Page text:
I don’t think there is one, not one worth a $150 million investment. Judging from the hype/backlash machine Rises has spawned, Christopher Nolan was his own biggest threat to delivering on such high expectations. So really, what schmoe would have the balls to step into the Nolan-verse and add a fourth film to this much finality? Maybe Shyamalan. So like, we get Drew Barrymore for Poison Ivy right, but she’s actually Bruce’s mother because get this, his parents AREN’T dead. So when Mark Wahlberg comes back in the twist…
These last three films are neither conclusive nor are they final, but they are pretty damn definitive. If you’re trying to match Jordan’s threepeats, switch to tennis. Obligatory sports analogy.
Not “that” one. The actual Robin. Or an actual one, I guess. If Rises proved one thing, it’s that there are situations where Batman can’t win by himself. But start with the team already intact. No more origin stories for the love of Jeebus. Make Batman and Robin already a thing before credits even roll. Give me a cold open where they tag team Killer Croc in the Gotham Sewers.
This is also an easy way to not stray too far from Nolan’s films while still keeping the material fresh. Grant Morrison and Frank Quitely did just that and more. Not only did they put milquetoast Dick Grayson under the Batman cowl, but Robin was the badass little shit. They also upped the weird factor with their story arcs: one of Bruce’s ex-girlfriends survives a gaping gunshot wound to the head and seeks revenge on the Dynamic Duo; Jason Todd, the lamest, deadest Robin, returns from the grave as Red Hood to tarnish Batman’s standing in Gotham; Batman and Robin go up against Professor Pyg, a psychopath obsessed with body mutilation, and his Circus of the Strange, where Gothamites are controlled by psychic doll masks permanently glued to their faces. Awesome.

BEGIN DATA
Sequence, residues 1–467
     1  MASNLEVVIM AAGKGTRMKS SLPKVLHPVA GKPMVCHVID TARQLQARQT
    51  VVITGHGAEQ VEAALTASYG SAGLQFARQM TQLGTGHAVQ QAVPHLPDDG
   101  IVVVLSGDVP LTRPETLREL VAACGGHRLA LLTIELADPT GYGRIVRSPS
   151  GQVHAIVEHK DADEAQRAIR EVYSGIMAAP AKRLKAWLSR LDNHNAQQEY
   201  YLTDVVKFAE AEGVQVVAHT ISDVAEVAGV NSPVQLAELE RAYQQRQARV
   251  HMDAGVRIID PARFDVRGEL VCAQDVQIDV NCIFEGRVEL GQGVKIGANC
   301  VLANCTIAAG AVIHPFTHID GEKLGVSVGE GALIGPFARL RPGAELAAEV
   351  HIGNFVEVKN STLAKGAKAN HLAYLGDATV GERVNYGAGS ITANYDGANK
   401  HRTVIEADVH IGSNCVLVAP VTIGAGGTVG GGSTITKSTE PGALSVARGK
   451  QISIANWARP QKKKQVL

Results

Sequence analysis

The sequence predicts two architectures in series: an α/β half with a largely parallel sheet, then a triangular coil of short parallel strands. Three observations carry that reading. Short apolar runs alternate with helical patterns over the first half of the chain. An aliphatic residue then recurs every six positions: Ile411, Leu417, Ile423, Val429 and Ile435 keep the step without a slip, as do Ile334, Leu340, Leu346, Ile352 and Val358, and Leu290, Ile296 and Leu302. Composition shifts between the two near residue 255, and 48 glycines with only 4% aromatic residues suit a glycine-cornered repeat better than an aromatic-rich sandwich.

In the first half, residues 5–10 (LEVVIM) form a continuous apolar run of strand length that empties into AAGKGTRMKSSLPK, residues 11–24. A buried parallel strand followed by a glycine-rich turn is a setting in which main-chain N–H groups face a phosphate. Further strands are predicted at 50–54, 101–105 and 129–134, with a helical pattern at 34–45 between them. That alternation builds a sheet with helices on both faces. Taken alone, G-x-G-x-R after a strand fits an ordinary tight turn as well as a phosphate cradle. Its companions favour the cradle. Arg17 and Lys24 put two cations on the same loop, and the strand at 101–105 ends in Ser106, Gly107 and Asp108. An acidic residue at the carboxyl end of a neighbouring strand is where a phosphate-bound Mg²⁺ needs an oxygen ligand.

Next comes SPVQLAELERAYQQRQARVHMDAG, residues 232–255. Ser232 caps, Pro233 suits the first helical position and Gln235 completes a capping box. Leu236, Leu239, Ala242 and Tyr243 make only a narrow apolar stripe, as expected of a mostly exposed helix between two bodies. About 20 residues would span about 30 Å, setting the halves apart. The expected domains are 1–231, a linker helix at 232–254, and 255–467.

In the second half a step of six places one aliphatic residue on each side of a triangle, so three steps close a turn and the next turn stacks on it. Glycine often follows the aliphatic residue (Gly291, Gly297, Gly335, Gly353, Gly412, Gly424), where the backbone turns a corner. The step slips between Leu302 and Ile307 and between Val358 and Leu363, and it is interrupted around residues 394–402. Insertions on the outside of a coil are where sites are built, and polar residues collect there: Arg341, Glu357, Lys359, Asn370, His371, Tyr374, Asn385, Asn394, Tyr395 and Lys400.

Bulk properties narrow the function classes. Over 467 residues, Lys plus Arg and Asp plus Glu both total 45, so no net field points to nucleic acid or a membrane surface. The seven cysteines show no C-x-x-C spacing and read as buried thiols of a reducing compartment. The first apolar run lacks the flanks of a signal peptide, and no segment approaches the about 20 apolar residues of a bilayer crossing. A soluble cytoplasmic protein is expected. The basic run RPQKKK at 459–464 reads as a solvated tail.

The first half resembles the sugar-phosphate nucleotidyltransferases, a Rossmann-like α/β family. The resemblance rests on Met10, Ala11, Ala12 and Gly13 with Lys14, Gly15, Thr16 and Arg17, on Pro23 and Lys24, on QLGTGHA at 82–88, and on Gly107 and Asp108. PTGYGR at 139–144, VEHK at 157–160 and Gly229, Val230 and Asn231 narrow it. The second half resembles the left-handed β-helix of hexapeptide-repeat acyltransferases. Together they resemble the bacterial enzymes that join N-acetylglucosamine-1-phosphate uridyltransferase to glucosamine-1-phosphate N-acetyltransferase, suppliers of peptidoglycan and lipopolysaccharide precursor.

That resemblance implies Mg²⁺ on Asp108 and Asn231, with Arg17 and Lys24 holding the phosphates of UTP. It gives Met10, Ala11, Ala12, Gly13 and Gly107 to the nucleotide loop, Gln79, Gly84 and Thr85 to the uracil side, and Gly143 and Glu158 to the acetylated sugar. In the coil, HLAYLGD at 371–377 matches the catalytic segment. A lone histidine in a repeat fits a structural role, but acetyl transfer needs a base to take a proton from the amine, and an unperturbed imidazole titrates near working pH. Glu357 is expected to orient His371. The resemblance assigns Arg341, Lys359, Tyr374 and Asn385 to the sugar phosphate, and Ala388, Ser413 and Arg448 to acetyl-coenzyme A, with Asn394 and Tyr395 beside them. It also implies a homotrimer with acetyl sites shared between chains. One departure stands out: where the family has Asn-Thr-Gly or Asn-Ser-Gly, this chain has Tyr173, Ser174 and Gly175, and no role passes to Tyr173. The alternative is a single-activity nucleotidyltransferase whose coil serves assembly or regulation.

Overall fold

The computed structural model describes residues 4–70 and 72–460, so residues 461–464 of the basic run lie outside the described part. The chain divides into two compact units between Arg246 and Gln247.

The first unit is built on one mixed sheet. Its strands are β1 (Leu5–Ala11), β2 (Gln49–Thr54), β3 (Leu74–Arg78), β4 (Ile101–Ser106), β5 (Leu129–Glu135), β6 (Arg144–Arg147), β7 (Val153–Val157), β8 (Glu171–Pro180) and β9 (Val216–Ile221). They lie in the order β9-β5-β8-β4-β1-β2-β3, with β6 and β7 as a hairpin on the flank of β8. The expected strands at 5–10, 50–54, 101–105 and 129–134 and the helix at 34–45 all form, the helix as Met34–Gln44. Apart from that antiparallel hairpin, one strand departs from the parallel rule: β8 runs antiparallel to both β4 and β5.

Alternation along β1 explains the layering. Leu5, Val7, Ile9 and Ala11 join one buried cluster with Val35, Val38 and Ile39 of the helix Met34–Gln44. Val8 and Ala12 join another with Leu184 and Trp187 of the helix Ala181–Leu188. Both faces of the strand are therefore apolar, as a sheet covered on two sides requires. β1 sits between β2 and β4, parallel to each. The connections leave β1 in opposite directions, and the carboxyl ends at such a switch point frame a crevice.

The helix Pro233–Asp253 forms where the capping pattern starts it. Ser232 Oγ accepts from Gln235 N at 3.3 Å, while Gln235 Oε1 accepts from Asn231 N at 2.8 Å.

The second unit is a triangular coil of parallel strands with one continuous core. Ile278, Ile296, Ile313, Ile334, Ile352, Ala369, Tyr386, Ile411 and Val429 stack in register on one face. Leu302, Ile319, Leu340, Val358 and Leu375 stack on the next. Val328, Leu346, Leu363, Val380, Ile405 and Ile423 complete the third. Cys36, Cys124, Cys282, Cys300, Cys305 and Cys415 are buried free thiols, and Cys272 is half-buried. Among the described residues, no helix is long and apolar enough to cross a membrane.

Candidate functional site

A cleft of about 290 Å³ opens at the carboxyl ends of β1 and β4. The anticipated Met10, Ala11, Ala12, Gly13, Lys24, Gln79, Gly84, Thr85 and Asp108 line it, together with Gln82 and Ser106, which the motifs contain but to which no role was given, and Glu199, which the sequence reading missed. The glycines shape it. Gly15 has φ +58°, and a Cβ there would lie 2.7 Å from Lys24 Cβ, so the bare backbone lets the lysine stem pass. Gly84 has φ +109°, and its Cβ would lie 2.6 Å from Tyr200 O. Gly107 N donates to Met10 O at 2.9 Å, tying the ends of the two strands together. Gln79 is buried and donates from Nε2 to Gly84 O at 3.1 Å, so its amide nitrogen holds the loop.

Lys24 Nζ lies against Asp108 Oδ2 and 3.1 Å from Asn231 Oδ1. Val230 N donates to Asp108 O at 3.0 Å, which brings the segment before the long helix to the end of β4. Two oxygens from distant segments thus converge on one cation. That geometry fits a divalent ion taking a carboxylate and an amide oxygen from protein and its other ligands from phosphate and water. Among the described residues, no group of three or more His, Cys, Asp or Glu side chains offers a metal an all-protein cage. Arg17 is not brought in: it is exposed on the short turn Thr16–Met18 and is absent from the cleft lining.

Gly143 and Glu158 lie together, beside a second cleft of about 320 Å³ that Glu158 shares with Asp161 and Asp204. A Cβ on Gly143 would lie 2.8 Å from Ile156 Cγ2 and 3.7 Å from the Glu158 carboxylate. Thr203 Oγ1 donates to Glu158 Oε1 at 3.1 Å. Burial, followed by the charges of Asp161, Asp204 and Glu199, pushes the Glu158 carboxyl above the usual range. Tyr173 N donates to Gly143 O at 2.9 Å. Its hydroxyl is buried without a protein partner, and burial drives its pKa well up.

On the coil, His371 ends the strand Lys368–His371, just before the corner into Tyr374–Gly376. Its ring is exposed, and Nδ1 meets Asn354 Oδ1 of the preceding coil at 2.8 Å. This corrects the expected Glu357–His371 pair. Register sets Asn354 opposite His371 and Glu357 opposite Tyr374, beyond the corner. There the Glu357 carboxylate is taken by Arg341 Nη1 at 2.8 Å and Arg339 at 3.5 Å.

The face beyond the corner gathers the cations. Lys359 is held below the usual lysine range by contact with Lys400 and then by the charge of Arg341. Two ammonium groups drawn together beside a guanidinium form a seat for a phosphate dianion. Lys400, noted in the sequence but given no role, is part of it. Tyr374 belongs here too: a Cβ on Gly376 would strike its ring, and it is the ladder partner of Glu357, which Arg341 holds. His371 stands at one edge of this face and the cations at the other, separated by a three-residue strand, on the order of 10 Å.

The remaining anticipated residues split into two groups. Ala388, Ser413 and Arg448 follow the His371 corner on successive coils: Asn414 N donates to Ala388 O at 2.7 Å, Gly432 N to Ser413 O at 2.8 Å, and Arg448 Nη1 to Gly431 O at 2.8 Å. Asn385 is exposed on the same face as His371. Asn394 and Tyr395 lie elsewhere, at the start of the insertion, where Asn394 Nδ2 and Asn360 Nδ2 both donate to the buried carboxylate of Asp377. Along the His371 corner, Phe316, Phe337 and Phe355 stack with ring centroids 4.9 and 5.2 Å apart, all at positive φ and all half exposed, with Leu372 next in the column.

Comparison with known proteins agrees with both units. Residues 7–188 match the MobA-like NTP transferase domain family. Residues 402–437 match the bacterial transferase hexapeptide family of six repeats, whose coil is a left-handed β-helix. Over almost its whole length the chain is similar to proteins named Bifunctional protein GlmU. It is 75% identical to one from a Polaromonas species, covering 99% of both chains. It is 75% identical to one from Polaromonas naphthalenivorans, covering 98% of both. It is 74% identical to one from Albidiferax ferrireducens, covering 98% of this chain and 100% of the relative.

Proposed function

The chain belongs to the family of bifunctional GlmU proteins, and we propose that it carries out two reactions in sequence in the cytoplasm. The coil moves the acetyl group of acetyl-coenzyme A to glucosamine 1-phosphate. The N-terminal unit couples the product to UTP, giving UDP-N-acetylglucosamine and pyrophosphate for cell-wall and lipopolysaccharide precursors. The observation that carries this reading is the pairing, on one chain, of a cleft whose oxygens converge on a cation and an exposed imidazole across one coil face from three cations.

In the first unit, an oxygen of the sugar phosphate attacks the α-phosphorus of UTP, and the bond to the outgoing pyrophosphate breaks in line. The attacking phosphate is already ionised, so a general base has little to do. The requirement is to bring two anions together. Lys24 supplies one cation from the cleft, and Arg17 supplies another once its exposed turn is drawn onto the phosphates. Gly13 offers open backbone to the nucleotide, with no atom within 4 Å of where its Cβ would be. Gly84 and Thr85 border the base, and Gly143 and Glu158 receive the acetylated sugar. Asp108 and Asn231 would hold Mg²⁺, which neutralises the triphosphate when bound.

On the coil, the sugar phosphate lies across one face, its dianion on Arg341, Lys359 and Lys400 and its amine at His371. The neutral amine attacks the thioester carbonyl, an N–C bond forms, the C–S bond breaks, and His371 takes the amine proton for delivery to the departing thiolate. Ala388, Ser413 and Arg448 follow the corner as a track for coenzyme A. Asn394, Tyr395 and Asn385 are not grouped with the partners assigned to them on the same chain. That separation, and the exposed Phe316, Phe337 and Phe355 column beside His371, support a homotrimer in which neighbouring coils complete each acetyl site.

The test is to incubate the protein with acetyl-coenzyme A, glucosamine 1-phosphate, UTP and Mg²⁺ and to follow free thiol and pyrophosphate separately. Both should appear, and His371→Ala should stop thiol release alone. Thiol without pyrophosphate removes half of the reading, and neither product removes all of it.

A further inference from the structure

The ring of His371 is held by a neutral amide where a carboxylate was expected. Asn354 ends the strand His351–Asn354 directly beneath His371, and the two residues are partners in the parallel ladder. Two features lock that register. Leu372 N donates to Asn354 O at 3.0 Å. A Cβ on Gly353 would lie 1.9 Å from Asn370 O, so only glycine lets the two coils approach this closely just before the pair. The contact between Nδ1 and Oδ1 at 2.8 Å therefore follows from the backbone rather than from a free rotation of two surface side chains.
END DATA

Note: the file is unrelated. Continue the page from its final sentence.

Morrison & Quitely even devised a “Batman VS. Robin” story arc where, well you get the idea. Batman and Robin doesn’t have to be this awkward, homoerotic codpiece thing either, especially if you were to mind the age gap between the two. But then maybe that would be too Greek.
Forget those other ideas. This is what Warner Bros. should do with the Batman property, because as far as I’m concerned, every board exec diligently follows me on Twitter. For an animated series, Batman Beyond is one dark and brooding meditation on its predecessor.
It’s hard to argue that the futuristic Matrix-steam punk thing wouldn’t visually set this apart from the Nolan-verse. But if Warner Bros. gets antsy about straying too far, Beyond has the built-in convenience of staying grim in tone. It also gives the studio a chance to inject more humor into the franchise. I laugh out loud plenty watching The Dark Knight, but it’s no Tony Stark Roasts The Avengers. Enter Terry McGinness, a smart ass punk who dons a futuristic upgrade of the Batsuit under the begrudging mentorship of, yup, bitter old Bruce Wayne. McGinness is much more Spidey with a cowl than he is Kevin Conroy’s gloomy take on Wayne. A wise-cracking Batman with a crotchety veteran’s limitless resources? I’m in.
You could even introduce all those villains that probably wouldn’t work as well before like Clayface or a Mr. Freeze that doesn’t blow ass. Not to mention the series has plenty of its own villains to mine ideas from. And for those clamoring for it, here’s a chance for a different take on The Joker, and one that wouldn’t be a slight on Ledger’s performance. Hell, throw in Harley Quinn while you’re at it. Give directorial control to District 9‘s Neil Blomkamp or Duncan Jones from Moon. Better yet, give it to Fincher and tell him to bring his Se7en sensibilities along.
When’s this movie supposed to be coming out?
On the subject of my many delusions, I feel I must admit to another one, for my prior understanding of Cage needs an addendum. Before I believed that nothing short of a gag and a commanding director were required to keep the hammy actor at bay. I was wrong: